Cultural differences in social learning proclivities and processes have been documented (e.g. [37,38]). It nevertheless appears that overimitation is a widely shared feature of human social learning, transcending contexts (for an exception, see ). Given the cross-culturally common, stable early onset of overimitation in social learning, it is conceivable that it is an enabling species-specific condition for human culture. Developmental and cross-cultural data alone, however, are not sufficient to make such a case. Overimitation would also have to be specific to human social learning. That is, be less pronounced or absent in other closely related species, such as for example the non-human great apes.
In their now seminal work, Horner & Whiten  had an adult demonstrator show 3- to 4-year-old human children and young, wild-born, captive chimpanzees how to obtain a reward from a novel box by first poking a stick into a hole on top and then into a hole at the bottom of the box. Because the box was opaque, the participants could not see how the actions occurring inside the box were causally related to the outcome. When given their own turn with the box, both chimpanzees and children copied all of the demonstrated actions. Next, the opaque box was swapped with a transparent version, whereby the effect of each internal action could be identified, rendering it obvious that as the stick was inserted into the top hole it struck a barrier and made no contact with that part of the box from which the reward could be retrieved. That is, the action involving the top hole had no causal relation to the outcome. Under this new circumstance, the chimpanzees ignored the initial action which was now visibly, causally irrelevant. In contrast, the children replicated the model's entire sequence of actions, including the obviously irrelevant insertion of the stick into the top hole (see also ). These data further support the account that overimitation is a species-specific enabling condition for human culture. In this way, the triadic approach combining developmental, cross-cultural and comparative comparisons has provided part of the puzzle of human culture that was unattainable in the absence of any of the three.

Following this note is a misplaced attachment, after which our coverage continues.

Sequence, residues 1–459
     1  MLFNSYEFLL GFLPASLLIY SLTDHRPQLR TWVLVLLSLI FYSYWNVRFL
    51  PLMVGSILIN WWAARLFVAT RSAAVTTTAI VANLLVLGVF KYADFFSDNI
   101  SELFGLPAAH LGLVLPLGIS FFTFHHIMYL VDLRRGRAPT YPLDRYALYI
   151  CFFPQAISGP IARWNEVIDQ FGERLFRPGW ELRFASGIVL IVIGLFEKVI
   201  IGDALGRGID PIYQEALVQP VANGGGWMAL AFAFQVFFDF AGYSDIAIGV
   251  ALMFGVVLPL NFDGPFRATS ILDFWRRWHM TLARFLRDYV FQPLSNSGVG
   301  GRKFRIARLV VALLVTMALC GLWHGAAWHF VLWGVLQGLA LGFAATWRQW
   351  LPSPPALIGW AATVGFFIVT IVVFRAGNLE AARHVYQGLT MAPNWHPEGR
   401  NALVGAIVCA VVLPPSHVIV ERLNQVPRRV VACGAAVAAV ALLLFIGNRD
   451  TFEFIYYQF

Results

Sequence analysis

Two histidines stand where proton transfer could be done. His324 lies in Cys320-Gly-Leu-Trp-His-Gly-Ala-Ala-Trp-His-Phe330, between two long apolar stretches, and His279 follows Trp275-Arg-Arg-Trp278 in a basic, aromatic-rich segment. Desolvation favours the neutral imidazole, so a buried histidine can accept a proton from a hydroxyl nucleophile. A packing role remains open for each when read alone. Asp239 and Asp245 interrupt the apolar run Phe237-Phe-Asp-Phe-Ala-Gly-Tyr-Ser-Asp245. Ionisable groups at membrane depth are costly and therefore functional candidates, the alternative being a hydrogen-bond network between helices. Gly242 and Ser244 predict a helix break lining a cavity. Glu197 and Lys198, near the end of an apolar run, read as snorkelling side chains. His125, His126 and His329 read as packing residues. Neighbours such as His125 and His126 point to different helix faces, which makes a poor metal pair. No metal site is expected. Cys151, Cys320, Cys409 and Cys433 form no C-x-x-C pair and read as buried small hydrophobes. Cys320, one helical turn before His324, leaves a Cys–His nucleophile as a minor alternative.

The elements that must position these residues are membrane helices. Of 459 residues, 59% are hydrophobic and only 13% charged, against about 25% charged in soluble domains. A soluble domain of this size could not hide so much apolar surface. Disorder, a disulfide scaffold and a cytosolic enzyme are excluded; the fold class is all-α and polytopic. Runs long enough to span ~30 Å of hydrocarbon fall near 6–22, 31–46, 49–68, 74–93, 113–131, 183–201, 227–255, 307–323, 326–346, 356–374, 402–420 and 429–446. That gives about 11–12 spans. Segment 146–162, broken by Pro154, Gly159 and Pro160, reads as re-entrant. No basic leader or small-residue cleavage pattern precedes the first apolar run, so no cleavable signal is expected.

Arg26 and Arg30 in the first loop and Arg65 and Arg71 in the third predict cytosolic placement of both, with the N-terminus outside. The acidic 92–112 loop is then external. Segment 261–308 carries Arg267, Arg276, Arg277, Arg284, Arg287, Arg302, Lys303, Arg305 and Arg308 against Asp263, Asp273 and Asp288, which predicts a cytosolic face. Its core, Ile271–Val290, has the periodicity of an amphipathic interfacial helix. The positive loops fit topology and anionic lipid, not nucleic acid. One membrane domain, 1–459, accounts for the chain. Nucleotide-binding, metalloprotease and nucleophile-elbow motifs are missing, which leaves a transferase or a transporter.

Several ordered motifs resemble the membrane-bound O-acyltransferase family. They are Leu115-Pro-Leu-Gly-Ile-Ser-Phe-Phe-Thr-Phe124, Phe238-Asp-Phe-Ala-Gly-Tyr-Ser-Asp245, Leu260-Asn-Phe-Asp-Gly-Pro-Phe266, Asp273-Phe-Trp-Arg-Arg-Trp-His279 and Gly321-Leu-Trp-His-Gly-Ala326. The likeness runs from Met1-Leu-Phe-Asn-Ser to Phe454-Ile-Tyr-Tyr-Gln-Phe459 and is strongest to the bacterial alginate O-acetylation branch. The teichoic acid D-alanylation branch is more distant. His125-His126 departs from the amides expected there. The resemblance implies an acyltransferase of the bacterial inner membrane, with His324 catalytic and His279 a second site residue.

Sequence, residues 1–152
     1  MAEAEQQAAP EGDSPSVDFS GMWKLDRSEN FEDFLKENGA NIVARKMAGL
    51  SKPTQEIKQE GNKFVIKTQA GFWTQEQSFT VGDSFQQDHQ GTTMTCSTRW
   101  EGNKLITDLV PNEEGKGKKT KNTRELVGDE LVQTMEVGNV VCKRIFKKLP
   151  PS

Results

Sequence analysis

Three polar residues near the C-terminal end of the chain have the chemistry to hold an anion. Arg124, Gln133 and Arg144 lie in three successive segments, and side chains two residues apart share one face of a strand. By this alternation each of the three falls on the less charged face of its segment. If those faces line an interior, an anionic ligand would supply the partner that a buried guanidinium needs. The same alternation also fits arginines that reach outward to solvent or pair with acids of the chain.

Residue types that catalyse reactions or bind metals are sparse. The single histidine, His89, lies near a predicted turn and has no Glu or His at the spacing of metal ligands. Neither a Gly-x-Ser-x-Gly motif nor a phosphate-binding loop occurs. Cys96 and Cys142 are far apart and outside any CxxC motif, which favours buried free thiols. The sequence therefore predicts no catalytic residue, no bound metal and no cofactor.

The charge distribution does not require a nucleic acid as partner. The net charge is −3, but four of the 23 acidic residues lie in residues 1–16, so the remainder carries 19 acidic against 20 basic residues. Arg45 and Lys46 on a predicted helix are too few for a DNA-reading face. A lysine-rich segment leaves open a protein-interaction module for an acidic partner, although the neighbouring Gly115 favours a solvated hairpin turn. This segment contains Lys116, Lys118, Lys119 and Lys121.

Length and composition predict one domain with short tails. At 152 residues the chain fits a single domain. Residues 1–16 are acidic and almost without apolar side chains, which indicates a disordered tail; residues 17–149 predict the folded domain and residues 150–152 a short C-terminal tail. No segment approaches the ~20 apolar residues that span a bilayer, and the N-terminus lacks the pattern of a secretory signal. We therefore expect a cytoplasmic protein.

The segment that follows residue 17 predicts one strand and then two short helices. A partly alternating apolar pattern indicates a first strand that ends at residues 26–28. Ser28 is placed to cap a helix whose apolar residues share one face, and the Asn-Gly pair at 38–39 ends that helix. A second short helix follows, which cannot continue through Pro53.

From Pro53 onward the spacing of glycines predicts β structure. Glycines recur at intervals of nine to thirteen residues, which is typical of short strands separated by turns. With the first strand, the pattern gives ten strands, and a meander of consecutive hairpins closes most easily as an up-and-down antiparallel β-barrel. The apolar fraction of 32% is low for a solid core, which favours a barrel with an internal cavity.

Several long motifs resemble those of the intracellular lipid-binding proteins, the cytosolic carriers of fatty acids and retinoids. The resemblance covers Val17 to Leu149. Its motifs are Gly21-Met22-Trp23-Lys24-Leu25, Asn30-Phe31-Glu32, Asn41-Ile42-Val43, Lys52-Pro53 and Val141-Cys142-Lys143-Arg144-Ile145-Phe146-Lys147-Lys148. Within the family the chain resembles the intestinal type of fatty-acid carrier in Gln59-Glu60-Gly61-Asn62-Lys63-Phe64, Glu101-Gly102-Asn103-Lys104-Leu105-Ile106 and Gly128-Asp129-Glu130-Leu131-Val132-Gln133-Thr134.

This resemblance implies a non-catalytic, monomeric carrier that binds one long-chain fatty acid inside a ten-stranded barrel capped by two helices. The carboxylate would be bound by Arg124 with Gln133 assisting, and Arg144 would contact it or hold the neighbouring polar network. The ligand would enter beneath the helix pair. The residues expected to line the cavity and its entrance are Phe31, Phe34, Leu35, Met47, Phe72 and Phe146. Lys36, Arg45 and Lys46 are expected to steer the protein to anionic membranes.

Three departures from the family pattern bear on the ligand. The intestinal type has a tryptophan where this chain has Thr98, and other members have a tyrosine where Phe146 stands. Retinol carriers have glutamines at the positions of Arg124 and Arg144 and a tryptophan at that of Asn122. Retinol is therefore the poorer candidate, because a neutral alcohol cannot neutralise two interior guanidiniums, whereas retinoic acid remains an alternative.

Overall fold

The natural next question is how this difference in overimitation comes about. Does the apparent lack of overimitation in non-human animals suggest a fundamental, heritable discontinuity between human and non-human social learning abilities? Attempting an answer to this question brings us to Heyes's  review of the debate between active intermodal matching and associative sequence learning accounts of imitation. As Heyes notes, one of the key points of contention between these perspectives is whether there is a species-specific genetically inherited ‘module’ for imitation or if there is continuity, with our ‘prodigious imitative capacity … due primarily to the rich resources provided by our sociocultural environments'?